purple foliage plants

Purple Foliage Plants

Purple foliage plants: the royalty of the plant kingdom

In ancient Rome, certain shades of purple were reserved for the rulers. Wearing purple by non-royals was punishable by death. This royal color in the plant kingdom ranges from rich purples to warm burgundy and deep coppery reds, and even a dark red-green that appears almost black.

People tend to gravitate towards purple foliage plants because used properly, they are a striking foil for other plants. Darker foliage lends depth to a plant group that is mainly pastels, preventing it from looking too cute.

Used along with reds, yellows and oranges, the purples will bring together these vivid colors into a jazzy composition. It is a great neutral, and seems to work with everything. Considering that red is the complement to green, the deep purplish tones of purple foliage plants work well with the greens of most other plants.

purple foliage plants

If you’re beginning to experiment with color combinations, start with combinations of seasonal purple foliage plants in containers. Coleus has a number of cultivars that are almost black. Planted with a combination of fuschia and orange impatiens, it’s a vibrant accent.

Sweet potato Blackie has nearly black, deeply lobed leaves. Along with other brightly coloured annuals, it is stunning in a container.

In warmer climates, purple fountain grass (Pennisetum setaceum) is a striking accent for your landscape. Or if you’re in a cooler climate, just grow it as an annual. It’s reddish-purple leaves and bottle-brush flower heads make it a great focal point in a container. The slightest breeze will have it dancing!

For sheer drama, you can’t beat canna lilies, which have deep rich red-green leaves that show their best colour in full sun. Because they will grow up to over 1.5 meters, plant them in the center of a round garden or the back of a border. Lime green foliage of plants such as lady’s mantle (Alchemilla mollis), maidenhair fern (adiantum pedatum) sets off these majestic plants brilliantly.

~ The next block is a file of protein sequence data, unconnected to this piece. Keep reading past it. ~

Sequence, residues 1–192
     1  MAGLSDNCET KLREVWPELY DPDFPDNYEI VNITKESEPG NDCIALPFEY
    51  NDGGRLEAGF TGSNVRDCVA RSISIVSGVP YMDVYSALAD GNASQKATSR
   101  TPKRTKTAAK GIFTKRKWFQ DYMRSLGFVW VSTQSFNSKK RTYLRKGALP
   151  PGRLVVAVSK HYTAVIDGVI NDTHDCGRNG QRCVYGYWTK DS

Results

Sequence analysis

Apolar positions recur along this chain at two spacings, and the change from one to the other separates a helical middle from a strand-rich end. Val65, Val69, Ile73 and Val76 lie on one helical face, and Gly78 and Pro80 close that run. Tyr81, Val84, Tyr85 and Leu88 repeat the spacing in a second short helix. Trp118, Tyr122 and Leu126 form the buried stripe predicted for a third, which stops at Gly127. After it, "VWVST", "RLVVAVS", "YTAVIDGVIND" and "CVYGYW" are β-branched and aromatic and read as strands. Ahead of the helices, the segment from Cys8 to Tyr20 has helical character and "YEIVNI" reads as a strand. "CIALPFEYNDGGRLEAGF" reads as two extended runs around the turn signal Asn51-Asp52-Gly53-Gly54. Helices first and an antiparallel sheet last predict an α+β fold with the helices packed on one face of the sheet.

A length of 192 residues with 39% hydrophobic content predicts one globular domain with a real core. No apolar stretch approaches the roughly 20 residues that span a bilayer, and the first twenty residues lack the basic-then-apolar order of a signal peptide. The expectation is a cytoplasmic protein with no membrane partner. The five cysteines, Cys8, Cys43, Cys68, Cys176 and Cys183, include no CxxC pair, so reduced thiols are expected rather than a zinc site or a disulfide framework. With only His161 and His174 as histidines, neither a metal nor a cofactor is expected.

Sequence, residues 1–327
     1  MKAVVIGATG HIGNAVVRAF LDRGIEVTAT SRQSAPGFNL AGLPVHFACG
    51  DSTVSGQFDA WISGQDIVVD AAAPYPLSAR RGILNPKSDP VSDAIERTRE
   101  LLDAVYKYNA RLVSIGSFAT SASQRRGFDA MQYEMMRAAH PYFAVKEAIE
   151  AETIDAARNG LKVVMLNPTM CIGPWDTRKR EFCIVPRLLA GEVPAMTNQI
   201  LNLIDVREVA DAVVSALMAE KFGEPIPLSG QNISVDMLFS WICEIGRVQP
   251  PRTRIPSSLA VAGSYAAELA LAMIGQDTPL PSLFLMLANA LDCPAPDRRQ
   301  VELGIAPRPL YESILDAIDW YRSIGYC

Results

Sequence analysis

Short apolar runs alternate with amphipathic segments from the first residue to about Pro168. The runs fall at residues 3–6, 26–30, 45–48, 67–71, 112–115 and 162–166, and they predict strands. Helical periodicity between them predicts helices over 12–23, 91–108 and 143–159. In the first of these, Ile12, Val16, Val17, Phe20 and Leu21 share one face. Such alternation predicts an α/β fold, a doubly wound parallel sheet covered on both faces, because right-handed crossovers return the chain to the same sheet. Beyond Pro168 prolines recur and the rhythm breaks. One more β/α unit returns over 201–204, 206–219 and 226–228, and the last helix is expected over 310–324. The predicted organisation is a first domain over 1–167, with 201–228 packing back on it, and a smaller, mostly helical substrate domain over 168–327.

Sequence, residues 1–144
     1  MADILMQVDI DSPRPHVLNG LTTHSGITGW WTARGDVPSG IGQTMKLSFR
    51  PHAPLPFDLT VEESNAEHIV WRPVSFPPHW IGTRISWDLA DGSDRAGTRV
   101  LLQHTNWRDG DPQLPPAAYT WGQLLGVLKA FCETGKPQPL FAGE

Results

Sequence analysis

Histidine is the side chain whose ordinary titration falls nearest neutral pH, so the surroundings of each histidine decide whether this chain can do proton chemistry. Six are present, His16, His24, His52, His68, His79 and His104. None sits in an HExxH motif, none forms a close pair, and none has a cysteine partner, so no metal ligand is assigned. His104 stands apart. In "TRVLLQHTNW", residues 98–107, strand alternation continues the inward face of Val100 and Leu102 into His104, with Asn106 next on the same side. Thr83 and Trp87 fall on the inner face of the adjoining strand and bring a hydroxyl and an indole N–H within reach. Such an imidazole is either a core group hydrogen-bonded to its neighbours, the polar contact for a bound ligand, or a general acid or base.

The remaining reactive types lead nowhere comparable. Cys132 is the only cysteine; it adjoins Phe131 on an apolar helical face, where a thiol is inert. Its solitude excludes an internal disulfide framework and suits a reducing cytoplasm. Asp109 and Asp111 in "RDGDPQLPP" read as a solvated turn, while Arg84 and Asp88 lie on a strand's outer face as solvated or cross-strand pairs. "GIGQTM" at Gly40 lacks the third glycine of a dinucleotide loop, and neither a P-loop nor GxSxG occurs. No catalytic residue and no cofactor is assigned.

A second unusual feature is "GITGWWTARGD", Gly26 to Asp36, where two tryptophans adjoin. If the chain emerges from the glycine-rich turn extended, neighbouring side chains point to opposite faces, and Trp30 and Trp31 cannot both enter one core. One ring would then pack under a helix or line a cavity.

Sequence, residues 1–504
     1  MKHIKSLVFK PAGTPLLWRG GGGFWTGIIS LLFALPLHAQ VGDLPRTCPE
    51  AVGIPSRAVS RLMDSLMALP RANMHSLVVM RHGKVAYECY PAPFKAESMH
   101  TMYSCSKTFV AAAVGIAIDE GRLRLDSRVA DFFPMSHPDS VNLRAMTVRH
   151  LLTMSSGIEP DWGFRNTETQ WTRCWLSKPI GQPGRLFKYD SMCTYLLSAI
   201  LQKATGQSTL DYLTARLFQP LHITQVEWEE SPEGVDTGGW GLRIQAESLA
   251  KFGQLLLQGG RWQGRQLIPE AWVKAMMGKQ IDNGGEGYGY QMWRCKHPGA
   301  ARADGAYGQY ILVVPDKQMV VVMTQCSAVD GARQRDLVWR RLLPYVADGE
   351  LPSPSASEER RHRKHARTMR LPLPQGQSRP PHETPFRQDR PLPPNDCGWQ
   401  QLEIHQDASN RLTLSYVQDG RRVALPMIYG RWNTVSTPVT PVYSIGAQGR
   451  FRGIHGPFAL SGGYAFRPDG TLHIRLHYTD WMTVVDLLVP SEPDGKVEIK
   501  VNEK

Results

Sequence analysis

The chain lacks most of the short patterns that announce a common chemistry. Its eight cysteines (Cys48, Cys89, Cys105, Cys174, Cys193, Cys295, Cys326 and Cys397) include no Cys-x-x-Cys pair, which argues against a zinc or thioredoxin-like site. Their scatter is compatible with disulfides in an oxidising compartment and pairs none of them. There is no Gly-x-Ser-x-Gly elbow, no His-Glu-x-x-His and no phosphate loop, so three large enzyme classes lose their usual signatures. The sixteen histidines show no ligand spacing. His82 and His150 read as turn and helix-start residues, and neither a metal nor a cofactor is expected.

Add a few perennials with rich colorful foliage to your garden. Reddish-bronze bugleweed (Ajuga reptans) is a charming ground cover. Heucheras, now growing in popularity, have a purple leafed variety, ‘chocolate ruffles’. These form a mound of colourful heart-shaped leaves. The tiny cream flowers held high above on slim stems set this plant off to perfection in a semi-shady area.

redbor kaleIf you have a hot sunny spot, plant a bold New Zealand flax (Phormium tenax). It’s spiky one-meter tall leaves combine well with silver-leaf plants such as the sea hollies.

You can even add a culinary purple foliage plant to your borders. Redbor kale has curly red-purple leaves. It’s a great hardy ornamental, with deep purple curly leaves on large upright plants. Packed with nutrition, the flavor gets better after frost.

Shrubs with purple foliage

Don’t stop with annuals or perennial ornamentals. There are several shrubs  that have purple toned foliage, and can add more zing to your landscape.

One of my favourites is Cotinus. It is a large deciduous shrub with rounded deep purple leaves that turn red in autumn. It sports masses of tiny flowers in spring and summer, giving the appearance of smoke. This one makes a good focal point.

Search out Japanese maples for the yard as well. Several varieties of these beautiful small trees show palmate or deeply lobed purple foliage that turn a vivid red in fall. Many also grow well in a container, so are ideal for a small space.

crimson queen

All of these handsome purple foliage plants can add interest and contrast to your garden.